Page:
Construction and infrastructure


Electric machines in construction and infrastructure are gaining popularity rapidly. The greatest cause is regulations that are becoming more strict on construction sites. These regulations aim to not only reduce the emission of nitrogen, but also CO₂ and particulate matter. Electric machines do not produce nitrogen, CO₂ and particulate matter.

Another benefit is that electric motors are significantly quieter. Electric machines also require less maintenance and have a much smaller chance of leakages.

NEW MACHINE OR converting

Electrification can happen in two ways: by designing a completely new electrical machine or by converting an existing machine (that is currently powered by a combustion engine).

In some cases, it can be beneficial to convert an existing machine, that is powered by a combustion engine, to an electric machine. The current engine will often be replaced by an electric motor. In addition, we investigate whether it is beneficial to convert the largest energy-consuming motions to electric actuators. This saves on battery capacity, which is most of the time the largest cost driver of a conversion.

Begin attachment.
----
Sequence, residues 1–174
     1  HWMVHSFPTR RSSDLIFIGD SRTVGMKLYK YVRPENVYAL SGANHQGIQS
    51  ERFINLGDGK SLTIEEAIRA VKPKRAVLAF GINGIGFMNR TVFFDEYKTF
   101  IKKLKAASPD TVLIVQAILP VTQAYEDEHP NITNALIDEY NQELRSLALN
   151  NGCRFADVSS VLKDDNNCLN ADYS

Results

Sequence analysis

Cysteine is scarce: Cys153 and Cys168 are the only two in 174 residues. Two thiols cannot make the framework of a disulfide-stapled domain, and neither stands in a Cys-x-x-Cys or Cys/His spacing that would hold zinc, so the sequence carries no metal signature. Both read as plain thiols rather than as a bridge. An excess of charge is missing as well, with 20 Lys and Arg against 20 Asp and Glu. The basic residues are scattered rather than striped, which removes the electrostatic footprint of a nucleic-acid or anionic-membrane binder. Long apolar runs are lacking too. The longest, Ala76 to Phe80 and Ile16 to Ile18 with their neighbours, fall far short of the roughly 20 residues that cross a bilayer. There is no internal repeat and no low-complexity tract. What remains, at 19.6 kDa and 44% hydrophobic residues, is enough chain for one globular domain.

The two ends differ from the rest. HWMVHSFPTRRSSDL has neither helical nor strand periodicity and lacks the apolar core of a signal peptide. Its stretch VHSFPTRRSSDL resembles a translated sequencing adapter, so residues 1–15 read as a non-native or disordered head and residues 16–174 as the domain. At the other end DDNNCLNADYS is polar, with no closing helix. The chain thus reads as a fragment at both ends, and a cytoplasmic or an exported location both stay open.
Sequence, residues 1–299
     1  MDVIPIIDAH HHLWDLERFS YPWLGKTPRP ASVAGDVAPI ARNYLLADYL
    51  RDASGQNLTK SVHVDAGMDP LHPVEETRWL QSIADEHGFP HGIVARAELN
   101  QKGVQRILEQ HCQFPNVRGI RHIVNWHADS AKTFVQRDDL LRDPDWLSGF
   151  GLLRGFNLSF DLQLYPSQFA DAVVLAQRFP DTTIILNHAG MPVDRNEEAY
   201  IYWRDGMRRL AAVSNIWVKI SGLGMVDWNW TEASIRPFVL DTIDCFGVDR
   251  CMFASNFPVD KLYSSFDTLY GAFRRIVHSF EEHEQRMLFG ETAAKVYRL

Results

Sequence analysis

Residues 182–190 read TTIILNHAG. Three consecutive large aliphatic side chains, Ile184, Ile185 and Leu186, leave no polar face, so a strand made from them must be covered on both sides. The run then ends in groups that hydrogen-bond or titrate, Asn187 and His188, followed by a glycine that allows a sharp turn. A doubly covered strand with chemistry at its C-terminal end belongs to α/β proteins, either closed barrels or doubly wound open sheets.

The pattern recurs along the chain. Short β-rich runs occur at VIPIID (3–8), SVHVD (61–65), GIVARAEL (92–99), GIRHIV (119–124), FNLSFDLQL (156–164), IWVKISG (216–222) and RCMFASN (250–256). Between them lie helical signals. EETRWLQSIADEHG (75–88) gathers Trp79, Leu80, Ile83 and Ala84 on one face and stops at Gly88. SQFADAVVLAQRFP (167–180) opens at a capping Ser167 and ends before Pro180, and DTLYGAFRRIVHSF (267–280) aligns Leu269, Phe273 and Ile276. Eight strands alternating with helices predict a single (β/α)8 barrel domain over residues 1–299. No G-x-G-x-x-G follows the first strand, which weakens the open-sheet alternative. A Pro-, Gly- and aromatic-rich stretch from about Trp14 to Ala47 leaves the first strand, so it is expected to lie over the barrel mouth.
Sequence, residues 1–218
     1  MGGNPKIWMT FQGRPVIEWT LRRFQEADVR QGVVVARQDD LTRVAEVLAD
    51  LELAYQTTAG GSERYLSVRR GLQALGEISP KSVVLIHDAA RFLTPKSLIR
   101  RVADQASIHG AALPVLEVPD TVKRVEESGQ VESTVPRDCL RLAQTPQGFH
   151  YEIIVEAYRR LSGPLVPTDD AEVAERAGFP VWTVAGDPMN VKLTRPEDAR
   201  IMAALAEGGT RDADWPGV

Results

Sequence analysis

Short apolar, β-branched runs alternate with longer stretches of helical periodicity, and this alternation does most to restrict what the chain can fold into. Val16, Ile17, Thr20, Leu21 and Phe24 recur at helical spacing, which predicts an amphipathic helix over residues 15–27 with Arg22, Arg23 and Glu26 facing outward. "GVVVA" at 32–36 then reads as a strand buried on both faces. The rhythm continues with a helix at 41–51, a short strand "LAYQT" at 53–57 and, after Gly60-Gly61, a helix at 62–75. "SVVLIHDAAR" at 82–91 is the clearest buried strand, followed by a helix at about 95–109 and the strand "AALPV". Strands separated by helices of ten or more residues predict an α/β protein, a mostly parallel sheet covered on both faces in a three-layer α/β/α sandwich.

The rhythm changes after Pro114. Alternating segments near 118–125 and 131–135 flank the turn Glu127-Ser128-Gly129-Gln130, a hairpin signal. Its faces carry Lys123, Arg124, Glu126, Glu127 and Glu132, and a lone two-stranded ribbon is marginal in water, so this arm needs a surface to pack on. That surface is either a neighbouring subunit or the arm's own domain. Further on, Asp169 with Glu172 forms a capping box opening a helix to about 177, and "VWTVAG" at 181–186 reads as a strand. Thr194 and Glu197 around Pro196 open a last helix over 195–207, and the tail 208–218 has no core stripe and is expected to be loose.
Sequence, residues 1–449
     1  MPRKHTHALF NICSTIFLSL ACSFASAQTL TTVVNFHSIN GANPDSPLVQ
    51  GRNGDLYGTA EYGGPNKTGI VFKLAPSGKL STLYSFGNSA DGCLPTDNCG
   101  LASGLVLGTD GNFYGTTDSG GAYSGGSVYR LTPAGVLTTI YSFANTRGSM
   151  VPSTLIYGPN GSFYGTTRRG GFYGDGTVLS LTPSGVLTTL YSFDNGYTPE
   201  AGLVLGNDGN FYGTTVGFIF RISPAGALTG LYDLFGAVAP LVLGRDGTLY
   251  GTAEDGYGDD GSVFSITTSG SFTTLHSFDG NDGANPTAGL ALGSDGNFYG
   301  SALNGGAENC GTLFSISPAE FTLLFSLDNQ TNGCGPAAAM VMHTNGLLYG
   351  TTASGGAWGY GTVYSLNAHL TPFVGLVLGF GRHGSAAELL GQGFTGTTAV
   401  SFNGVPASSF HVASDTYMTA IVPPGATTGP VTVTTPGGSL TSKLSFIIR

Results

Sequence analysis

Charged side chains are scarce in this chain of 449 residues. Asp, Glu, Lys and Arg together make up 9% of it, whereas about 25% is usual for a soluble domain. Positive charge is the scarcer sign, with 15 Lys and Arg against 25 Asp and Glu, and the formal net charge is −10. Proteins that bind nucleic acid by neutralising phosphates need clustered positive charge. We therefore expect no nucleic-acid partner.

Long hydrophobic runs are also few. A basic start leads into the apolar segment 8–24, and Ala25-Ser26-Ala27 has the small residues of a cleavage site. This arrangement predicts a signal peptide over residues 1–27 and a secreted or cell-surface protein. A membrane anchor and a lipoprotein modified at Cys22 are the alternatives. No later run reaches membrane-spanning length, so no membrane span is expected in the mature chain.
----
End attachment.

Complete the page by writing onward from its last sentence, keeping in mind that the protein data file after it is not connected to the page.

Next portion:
Building new electric machines does not only require knowledge of electric drives. We also possess the necessary structural and hydraulic knowledge to be able to design new machines. We believe that it is important to understand how the machine worked before, in order to properly electrify a machine. We can contribute in various areas; from engineering the solution to actually converting or building a machine or delivery of subsystems/products.